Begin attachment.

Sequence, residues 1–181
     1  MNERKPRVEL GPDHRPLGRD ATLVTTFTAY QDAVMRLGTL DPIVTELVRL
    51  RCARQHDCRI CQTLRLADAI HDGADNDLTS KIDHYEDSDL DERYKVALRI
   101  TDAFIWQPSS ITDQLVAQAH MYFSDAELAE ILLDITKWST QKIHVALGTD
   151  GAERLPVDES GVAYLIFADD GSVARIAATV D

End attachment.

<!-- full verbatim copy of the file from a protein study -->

Sequence, residues 1–181
     1  MNERKPRVEL GPDHRPLGRD ATLVTTFTAY QDAVMRLGTL DPIVTELVRL
    51  RCARQHDCRI CQTLRLADAI HDGADNDLTS KIDHYEDSDL DERYKVALRI
   101  TDAFIWQPSS ITDQLVAQAH MYFSDAELAE ILLDITKWST QKIHVALGTD
   151  GAERLPVDES GVAYLIFADD GSVARIAATV D